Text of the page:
Local lads slap on Korean makeup for K-pop look

Their skin is smooth, their hair is salon-fresh, and between them they've sold millions of records. Now, they're making it acceptable for young Asian men to buy beauty products.

South Korea's male K-pop icons have been enlisted by the country's cosmetics firms as they try to expand beyond its borders to take on global giants like L'Oreal and Unilever across the continent.

"The male K-pop stars are very good looking and I think the make up helps them look good. So why not me as well?" says Lenard Heng, a 26-year old graphic designer out clubbing in KL.

South Korean men spend US$900 million (S$1.1 billion) a year on beauty products, more than a fifth of the global total, research firm Euromonitor says. But even the vanity of a nation is no longer much of a growth opportunity.

By contrast, in the emerging markets of Asia the middle class is rapidly expanding, and with it opportunities to sell goods like foundation, lip balm, skincare lotions and eyeliner.

"Using male K-pop stars charms the ladies. It may also prompt younger men to want to look more like these idols," said Kim Jungcheon, CEO of South Korean cosmetics firm Tonymoly.

For the region's young men who were raised on K-pop, the metrosexual appeal of boy bands like 2PM, Big Bang and Super Junior, their faces glowing with youth, is a quality Western or Japanese competitors can't deliver.

"In Korea male stars use foundation so a few of my guy friends in Bangkok have started wearing foundation too," said 28-year-old Thai man Pitak Iamsamang.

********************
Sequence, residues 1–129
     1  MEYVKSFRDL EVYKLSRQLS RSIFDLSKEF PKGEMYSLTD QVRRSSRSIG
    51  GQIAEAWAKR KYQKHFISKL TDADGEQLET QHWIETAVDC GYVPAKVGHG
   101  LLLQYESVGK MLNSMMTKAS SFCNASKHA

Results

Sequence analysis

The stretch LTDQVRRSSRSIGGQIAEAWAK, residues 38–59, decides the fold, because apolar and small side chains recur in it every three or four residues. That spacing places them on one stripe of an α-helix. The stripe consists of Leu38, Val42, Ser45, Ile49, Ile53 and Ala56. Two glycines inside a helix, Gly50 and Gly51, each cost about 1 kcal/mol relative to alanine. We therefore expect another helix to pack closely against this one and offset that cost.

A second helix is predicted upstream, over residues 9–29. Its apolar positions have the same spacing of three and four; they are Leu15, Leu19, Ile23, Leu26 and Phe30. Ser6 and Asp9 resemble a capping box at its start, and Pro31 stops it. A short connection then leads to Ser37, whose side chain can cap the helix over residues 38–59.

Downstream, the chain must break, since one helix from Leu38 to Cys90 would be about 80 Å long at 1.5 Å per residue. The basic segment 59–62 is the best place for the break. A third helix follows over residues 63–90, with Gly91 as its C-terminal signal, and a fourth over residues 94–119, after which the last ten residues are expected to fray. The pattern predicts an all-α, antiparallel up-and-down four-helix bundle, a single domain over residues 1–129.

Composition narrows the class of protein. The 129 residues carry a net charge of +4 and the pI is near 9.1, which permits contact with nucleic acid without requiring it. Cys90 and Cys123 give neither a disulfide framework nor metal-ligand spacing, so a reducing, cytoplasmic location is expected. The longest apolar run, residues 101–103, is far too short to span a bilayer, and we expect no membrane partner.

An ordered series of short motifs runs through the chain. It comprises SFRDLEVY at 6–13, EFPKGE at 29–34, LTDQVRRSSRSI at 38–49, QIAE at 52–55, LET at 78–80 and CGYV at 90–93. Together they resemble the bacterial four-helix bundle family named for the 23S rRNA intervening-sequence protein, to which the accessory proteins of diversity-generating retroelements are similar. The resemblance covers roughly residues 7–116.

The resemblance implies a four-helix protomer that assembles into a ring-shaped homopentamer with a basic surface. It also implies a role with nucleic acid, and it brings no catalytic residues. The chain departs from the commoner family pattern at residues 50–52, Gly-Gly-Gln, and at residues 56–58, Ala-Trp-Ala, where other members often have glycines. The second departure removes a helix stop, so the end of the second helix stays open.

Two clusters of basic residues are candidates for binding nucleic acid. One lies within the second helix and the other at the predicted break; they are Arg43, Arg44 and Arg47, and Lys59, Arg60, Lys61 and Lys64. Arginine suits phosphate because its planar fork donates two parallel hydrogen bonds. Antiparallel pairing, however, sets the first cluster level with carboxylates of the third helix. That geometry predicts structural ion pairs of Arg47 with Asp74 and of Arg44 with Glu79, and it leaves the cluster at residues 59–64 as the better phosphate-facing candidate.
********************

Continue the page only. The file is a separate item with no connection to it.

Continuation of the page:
Cosmetics firms also hope to use the appeal of K-pop's divas to market their wares to women, still the core market for beauty products. Slick acts like Girls' Generation all add to the aspirational pull of "Brand Korea".

"Cosmetics sales tend to mirror the popularity of Korean cultural exports, so K-pop stars are the best way to market our products," said Kim Hee-jeong, marketing manager of The Face Shop, which has over 1,000 overseas stores.

Mass brands such as Amorepacific's Etude House and Tonymoly play up their origins by blaring out K-pop hits while sales agents chirp "annyeonghasaeyo" (hello) in stores from Ulan Bator to Manila, backed by posters of heartthrobs like boy band JYJ.

Women like Nattakarn Nattudee, a 35-year-old shopping for cosmetics in Bangkok, have bought into the K-pop sales pitch. "Posters of K-pop stars with their bright, clear faces make me want to buy the products so I can have clear skin like them," she said.

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